to limit access to the diskless client and to allow the superuser to write to the filesystems. If the swap filesystem is not exported so that root can write to it, the diskless client will not be able to start the init process to begin the single-user boot.rw=client,root=client
8.6.4. Missing /usrAfter setting the host and domain names and configuring network interfaces in the boot process, a machine mounts its /usr filesystem. If there are problems with /usr, the boot process either hangs or fails at the first reference to the /usr filesystem. The two most common problems are not being able to locate the NFS server for /usr and attempting to mount the wrong /usr. NIS cannot be started until after /usr is mounted, since client-side daemons like ypbind live in /usr. Generally, /usr is mounted from the boot server, so a diskless client needs its own name and its server's hostname in its /etc/hosts. If /usr is not mounted from the root/swap filesystem server, the /usr server's hostname must appear in the local hosts file as well. You may need as many as four different entries in the "runt" /etc/hosts file on a diskless client: its hostname, a localhost entry, the boot server's name, and the name of the /usr server. Heterogeneous client/server environments create another set of problems. Clients of different architectures need their own /usr filesystems with executables built for the client's CPU, not the server's. The most obvious problem is when the client mounts the wrong /usr. If the executables on it were built for a different CPU, then the first attempt to invoke one of them produces a fairly descriptive error. However, if the /usr/platform directory is for the correct CPU architecture but doesn't contain the right kernel architecture (for example, Sun's sun4u and sun4m variants), then the client boots, but certain Unix utilities will not work. Processes that read the kernel or user address spaces, such as crash, are the most likely to break. If you suspect that you're mounting the wrong /usr, first check the client's /etc/vfstab file to see where it gets /usr :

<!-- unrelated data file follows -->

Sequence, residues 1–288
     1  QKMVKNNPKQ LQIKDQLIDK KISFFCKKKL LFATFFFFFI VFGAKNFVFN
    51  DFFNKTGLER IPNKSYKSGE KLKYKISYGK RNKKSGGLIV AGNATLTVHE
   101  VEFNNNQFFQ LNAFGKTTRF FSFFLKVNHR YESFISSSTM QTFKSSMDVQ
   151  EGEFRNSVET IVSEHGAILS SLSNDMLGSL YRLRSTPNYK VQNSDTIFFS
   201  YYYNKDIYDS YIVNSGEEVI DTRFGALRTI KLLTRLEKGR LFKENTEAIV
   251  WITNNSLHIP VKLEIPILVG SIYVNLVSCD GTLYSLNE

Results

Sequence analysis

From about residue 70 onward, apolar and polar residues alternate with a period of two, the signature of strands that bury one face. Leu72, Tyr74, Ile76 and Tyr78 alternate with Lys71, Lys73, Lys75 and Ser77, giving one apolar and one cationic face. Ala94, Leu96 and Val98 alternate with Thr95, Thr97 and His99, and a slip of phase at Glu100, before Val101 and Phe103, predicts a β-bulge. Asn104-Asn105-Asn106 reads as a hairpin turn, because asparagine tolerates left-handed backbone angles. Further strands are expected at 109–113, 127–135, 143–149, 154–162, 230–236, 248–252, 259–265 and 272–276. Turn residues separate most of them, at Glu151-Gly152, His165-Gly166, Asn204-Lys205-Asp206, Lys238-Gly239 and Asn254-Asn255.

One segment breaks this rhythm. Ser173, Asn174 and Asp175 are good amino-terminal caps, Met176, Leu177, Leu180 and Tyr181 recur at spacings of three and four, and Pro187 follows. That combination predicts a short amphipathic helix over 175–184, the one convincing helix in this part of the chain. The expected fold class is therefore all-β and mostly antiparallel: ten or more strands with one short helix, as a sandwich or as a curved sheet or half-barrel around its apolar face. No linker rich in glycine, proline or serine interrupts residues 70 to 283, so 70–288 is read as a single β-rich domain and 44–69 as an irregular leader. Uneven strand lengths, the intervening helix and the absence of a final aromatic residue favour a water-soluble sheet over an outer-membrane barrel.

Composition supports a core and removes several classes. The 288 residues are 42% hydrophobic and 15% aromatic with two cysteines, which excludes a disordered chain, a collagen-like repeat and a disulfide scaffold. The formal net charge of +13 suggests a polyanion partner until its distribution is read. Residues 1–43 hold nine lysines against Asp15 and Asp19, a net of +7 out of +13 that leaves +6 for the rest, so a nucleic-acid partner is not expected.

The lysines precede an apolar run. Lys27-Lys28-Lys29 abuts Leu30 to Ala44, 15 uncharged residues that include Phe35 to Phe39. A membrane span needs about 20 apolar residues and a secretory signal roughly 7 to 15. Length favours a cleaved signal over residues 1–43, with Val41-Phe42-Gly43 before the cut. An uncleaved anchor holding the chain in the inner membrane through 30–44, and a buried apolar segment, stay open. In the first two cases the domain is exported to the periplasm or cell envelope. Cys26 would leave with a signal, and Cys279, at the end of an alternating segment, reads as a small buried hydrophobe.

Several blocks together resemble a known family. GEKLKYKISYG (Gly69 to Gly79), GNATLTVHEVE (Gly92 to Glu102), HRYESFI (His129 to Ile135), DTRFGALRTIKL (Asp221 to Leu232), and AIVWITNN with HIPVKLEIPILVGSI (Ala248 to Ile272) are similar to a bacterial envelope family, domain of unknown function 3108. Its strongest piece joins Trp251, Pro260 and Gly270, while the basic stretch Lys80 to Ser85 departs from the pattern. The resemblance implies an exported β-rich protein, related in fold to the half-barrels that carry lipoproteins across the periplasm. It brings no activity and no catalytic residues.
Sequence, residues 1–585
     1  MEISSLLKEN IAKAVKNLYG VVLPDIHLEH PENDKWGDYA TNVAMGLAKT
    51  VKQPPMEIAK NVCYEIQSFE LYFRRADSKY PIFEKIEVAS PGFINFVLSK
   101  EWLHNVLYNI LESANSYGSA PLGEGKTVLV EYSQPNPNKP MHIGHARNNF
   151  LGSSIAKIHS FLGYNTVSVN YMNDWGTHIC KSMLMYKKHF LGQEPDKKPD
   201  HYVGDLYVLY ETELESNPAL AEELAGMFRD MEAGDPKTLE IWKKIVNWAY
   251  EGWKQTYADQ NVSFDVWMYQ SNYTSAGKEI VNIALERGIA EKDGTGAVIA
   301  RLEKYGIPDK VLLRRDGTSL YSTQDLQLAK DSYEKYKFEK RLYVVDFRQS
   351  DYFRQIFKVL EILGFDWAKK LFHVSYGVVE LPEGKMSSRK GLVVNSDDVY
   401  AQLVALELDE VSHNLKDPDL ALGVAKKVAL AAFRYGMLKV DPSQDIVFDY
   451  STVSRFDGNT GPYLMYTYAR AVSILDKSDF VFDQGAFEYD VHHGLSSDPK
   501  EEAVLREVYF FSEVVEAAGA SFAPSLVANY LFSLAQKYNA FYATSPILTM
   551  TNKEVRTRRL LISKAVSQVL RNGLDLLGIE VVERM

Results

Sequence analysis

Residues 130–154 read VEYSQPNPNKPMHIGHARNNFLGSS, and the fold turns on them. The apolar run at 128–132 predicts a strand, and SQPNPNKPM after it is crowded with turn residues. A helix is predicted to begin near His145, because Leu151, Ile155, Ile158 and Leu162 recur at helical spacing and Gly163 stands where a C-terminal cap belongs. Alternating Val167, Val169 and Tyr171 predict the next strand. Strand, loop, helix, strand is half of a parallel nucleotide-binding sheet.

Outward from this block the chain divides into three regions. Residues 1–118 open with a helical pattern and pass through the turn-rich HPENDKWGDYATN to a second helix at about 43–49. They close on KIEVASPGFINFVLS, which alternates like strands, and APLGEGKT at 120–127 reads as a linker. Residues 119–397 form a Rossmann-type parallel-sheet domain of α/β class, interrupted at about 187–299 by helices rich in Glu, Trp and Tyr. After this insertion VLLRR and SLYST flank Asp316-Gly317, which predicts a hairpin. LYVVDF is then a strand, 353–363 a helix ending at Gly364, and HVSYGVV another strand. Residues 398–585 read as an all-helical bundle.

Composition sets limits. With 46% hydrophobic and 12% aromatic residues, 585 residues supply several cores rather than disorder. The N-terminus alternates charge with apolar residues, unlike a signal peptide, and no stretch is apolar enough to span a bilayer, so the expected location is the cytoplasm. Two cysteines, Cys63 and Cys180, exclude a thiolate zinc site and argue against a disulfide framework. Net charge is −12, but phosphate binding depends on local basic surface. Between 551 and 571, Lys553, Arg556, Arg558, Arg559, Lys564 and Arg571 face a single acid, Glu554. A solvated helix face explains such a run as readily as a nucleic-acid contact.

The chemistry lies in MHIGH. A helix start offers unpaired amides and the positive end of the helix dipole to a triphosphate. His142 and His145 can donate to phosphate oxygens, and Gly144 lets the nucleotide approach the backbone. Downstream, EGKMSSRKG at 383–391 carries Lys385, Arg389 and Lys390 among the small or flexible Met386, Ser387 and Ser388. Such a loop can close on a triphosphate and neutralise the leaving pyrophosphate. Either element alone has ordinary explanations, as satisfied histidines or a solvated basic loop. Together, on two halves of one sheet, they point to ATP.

In this example, we would check /export/exec/Solaris_2.7_sparc.all/usr on the server wahoo. The directories in /export/exec have names with this format: Solaris_<release>_<architecture>. If the client and the server are of the same CPU architecture and are running the same release of the operating system, the usr subdirectory in /export/exec/Solaris_<release>_<architecture> is a symbolic link to the server's /usr directory. If the client and server do not have the same release and CPU architectures, the directories in /export/exec contain complete operating system releases. Three things can go wrong with this link-and-directory scheme:wahoo:/export/root/honeymoon - / nfs - - rw wahoo:/export/swap/honeymoon - /dev/swap nfs - - - wahoo:/export/exec/Solaris_2.7_sparc.all/usr - /usr nfs - - ro
If commands are executed properly, then you should be able to mount /usr safely on the diskless client in question.client# mount wahoo:/export/exec/Solaris_2.7_sparc.all/usr /mnt client# cd /var client# /mnt/bin/ls 4lib dict krb5 oasys sbin ucblib 5bin dist kvm old share vmsys X dt lib openwin snadm xpg4 adm games lost+found platform spool aset include mail preserve src bin java man proc tmp ccs java1.1 net pub ucb demo kernel news sadm ucbinclude
Copyright © 2002 O'Reilly & Associates. All rights reserved.